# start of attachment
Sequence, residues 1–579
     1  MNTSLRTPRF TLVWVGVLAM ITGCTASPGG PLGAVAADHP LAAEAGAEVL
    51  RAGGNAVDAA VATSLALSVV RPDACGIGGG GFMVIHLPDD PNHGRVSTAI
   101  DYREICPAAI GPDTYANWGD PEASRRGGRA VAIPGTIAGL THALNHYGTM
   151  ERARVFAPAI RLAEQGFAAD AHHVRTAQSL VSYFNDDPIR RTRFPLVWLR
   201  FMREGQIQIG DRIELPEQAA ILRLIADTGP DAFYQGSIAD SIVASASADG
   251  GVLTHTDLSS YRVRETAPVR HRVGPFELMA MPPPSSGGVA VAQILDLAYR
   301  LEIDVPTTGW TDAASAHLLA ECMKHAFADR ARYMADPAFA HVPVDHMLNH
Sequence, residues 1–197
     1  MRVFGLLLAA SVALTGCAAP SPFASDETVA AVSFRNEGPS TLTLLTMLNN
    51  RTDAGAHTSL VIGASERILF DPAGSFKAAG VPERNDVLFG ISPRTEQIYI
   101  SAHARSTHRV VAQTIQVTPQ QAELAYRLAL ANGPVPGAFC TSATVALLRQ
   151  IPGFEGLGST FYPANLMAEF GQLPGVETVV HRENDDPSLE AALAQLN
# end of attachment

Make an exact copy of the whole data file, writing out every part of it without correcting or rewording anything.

Sequence, residues 1–579
     1  MNTSLRTPRF TLVWVGVLAM ITGCTASPGG PLGAVAADHP LAAEAGAEVL
    51  RAGGNAVDAA VATSLALSVV RPDACGIGGG GFMVIHLPDD PNHGRVSTAI
   101  DYREICPAAI GPDTYANWGD PEASRRGGRA VAIPGTIAGL THALNHYGTM
   151  ERARVFAPAI RLAEQGFAAD AHHVRTAQSL VSYFNDDPIR RTRFPLVWLR
   201  FMREGQIQIG DRIELPEQAA ILRLIADTGP DAFYQGSIAD SIVASASADG
   251  GVLTHTDLSS YRVRETAPVR HRVGPFELMA MPPPSSGGVA VAQILDLAYR
   301  LEIDVPTTGW TDAASAHLLA ECMKHAFADR ARYMADPAFA HVPVDHMLNH
Sequence, residues 1–197
     1  MRVFGLLLAA SVALTGCAAP SPFASDETVA AVSFRNEGPS TLTLLTMLNN
    51  RTDAGAHTSL VIGASERILF DPAGSFKAAG VPERNDVLFG ISPRTEQIYI
   101  SAHARSTHRV VAQTIQVTPQ QAELAYRLAL ANGPVPGAFC TSATVALLRQ
   151  IPGFEGLGST FYPANLMAEF GQLPGVETVV HRENDDPSLE AALAQLN